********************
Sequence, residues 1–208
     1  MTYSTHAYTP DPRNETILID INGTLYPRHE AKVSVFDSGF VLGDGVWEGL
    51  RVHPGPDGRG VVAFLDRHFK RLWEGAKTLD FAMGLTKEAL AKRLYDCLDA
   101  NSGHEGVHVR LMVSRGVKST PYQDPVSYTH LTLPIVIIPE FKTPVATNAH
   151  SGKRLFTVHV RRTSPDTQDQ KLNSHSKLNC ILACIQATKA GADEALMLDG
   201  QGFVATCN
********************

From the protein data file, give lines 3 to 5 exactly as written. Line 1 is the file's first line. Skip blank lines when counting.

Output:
    51  RVHPGPDGRG VVAFLDRHFK RLWEGAKTLD FAMGLTKEAL AKRLYDCLDA
   101  NSGHEGVHVR LMVSRGVKST PYQDPVSYTH LTLPIVIIPE FKTPVATNAH
   151  SGKRLFTVHV RRTSPDTQDQ KLNSHSKLNC ILACIQATKA GADEALMLDG